What Parents Should Know About Club Drugs

Club drugs are a loosely-defined category of drugs that are used by teens and young adults at clubs, bars, raves and other all-night party scenes. Some of the most popular club or party drugs are MDMA (Ecstasy), GHB, Rohypnol, ketamine, methamphetamine, and LSD. These drugs are often believed to be harmless, recreational drugs, but they can produce unwanted side effects and harmful health consequences. By learning what parents should know about club drugs, you can keep your child informed about the dangers of these recreational drugs.

What are the different types of club drugs and their effects?

* MDMA, or “Ecstasy,” is a stimulant and a hallucinogen. Young people often use Ecstasy to improve their mood or to have enough energy to keep dancing. Research shows that chronic abuse of Ecstasy can damage the brain’s ability to think and regulate emotion, memory, sleep and pain. Ecstasy is usually sold as a pill or tablet and is taken orally.

* GHB, or “Liquid Ecstasy,” is a depressant that produces sedative/hypnotic-like symptoms. At lower doses, GHB can relax the user, but, as the dose increases, the sedative effects may result in sleep and eventual coma or death. GHB can be sold as a clear liquid, white powder, tablet or capsule form. It is colorless, odorless and has a salty taste that is virtually undetectable if diluted with liquid. For that reason, it is usually mixed with beverages such as water, alcohol and juice. GHB is sometimes referred to as the “date rape drug” because it can be slipped into someoneís drink without detection.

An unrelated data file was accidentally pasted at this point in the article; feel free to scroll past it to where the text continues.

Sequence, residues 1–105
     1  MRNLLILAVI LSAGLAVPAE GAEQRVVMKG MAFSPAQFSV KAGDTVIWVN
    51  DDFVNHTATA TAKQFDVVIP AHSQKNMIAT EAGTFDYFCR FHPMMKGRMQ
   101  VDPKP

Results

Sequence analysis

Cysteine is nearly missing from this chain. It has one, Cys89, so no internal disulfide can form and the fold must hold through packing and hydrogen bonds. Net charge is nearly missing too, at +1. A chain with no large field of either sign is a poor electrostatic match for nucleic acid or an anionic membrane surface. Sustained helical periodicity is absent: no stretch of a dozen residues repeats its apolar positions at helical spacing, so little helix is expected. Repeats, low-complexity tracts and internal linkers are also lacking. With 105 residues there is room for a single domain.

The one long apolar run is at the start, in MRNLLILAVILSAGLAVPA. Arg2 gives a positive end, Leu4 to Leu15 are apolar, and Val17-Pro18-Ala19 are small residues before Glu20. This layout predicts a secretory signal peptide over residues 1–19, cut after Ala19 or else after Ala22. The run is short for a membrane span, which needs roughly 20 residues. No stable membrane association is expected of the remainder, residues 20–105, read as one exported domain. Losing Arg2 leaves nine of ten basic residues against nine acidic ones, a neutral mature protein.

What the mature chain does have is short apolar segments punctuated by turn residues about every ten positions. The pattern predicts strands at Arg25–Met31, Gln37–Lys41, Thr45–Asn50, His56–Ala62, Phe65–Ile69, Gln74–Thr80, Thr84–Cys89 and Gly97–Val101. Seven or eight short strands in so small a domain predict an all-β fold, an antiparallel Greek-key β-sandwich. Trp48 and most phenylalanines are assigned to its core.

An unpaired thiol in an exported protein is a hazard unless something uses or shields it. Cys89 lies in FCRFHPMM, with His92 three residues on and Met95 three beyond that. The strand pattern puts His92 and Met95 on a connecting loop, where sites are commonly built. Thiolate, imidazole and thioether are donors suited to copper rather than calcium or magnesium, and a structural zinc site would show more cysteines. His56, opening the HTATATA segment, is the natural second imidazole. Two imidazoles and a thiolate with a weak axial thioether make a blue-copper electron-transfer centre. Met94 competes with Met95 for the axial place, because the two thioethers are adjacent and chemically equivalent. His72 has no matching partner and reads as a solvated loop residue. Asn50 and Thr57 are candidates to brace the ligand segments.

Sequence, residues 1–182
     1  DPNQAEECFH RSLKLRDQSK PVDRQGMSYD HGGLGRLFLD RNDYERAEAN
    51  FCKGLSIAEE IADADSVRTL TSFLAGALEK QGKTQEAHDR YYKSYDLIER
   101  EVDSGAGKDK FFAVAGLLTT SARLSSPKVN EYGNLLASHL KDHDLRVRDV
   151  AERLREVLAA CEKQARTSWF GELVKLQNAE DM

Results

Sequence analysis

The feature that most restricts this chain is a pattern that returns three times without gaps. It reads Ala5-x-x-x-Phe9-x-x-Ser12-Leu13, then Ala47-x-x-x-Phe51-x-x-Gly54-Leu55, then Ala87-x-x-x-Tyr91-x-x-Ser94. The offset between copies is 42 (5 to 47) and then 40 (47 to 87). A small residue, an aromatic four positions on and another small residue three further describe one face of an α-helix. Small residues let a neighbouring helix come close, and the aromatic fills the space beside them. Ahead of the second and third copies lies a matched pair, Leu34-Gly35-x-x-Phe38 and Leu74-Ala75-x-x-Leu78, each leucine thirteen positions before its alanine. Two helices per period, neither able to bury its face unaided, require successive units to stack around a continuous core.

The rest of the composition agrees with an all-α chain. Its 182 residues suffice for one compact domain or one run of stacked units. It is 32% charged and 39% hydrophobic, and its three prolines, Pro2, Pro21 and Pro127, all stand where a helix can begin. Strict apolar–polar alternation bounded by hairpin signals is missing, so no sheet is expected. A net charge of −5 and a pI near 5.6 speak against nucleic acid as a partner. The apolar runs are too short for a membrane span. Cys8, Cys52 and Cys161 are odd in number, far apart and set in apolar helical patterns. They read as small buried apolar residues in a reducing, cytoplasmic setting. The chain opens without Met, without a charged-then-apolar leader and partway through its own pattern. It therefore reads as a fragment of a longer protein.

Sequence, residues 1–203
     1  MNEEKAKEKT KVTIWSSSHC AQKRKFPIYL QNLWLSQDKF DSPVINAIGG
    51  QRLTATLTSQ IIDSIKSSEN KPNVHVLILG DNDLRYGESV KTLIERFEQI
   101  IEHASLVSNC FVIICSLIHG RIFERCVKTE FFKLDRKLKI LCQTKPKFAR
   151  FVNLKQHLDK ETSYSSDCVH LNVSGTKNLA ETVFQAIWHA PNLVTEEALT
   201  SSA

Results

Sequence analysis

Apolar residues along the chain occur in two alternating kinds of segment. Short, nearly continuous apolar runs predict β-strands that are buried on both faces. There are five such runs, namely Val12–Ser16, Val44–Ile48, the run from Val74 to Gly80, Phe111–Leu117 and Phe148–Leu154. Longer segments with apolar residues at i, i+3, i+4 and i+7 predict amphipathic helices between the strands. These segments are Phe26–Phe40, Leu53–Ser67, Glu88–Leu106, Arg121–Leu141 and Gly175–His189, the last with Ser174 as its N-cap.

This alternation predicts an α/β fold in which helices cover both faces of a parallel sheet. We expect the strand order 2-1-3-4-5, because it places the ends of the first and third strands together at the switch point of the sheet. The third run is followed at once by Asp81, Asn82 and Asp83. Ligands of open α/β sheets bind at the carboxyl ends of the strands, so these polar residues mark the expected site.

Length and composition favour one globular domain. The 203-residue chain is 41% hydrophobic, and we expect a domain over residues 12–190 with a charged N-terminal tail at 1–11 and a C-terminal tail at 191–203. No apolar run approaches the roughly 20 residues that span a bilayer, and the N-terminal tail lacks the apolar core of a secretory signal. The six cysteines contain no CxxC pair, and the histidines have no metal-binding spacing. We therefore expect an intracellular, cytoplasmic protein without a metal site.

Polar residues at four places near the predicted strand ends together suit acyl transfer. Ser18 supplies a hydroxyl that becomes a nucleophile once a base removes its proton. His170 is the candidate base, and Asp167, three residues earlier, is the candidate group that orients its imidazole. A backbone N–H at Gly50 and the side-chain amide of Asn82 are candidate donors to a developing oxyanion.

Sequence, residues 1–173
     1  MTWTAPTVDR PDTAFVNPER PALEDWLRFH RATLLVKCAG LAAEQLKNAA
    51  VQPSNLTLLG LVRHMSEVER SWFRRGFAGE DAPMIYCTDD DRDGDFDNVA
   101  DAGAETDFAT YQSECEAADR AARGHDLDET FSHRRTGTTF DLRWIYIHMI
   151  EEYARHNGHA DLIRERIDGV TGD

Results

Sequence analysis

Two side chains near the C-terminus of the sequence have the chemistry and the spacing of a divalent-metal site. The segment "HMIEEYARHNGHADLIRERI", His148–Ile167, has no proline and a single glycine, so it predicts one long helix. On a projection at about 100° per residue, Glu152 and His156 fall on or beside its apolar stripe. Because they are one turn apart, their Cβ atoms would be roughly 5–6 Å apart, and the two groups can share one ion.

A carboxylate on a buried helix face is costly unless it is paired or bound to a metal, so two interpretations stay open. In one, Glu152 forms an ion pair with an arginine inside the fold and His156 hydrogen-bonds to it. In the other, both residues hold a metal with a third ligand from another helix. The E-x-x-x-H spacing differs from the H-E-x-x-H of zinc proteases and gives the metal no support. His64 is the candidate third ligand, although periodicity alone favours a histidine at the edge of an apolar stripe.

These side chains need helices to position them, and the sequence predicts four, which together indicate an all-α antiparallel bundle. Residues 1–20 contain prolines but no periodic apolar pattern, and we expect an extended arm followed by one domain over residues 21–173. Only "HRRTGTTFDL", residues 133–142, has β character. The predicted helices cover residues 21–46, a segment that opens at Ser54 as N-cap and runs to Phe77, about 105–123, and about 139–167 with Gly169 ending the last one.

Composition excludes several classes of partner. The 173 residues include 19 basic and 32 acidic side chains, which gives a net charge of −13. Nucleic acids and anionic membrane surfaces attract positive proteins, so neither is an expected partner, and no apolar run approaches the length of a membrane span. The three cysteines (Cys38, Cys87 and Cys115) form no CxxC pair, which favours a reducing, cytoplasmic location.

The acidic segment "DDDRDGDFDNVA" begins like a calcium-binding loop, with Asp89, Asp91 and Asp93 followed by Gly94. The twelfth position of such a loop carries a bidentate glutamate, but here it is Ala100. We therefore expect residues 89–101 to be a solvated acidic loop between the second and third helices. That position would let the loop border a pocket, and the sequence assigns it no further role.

* Rohypnol, or “Roofie” or “Roche,” is a depressant and tranquilizer that produces sedative-hypnotic effects, including muscle relaxation and amnesia. Individuals under the influence of Rohypnol often forget what happened, which is why it is often referred to as the “date rape drug.” Other effects include low blood pressure, drowsiness, dizziness, confusion and nausea. Rohypnol comes in a tablet form that is often dissolved into liquid beverages.

* Ketamine, or “Special K” or “K,” is a powerful hallucinogen that is often used by veterinarians as an animal tranquilizer. Small amounts of ketamine results in loss of attention span, learning ability and memory. At higher doses, ketamine can cause delirium, amnesia, high blood pressure, depression and severe, potentially fatal, breathing problems. Ketamine comes in a powder form that is usually snorted but is sometimes sprinkled on tobacco or marijuana and smoked.

* Methamphetamine, or “Meth,” “Speed,” or “Ice,” is a highly addictive stimulant. Methamphetamine use can cause serious health problems, including memory loss, skin sores, severe dental problems, violence, psychotic behavior and heart problems. Methamphetamine can come in powder form for snorting or in clear chunky crystals that are heated up to inhale the smoke.

* LSD, or “Acid,” is a powerful hallucinogen that is one of the strongest mood-altering drugs available. LSD can cause unpredictable behavior depending on the amount taken, where the drug is used, and on the user’s personality. Some of the effects of LSD are numbness, weakness, nausea, increased heart rate, sweating, lack of appetite, “flashbacks” and sleeplessness. LSD is sold as tablets, capsules, liquid, on sugar cubes, in thin gelatin squares (commonly called “window panes”), or on colorful absorbent paper. LSD is usually taken orally, but gelatin and liquid forms can be put in the eyes.

What are some signs my child is using club drugs?

* Problems remembering things they recently said or did
* Loss of coordination, dizziness, fainting
* Depression
* Confusion
* Sleep problems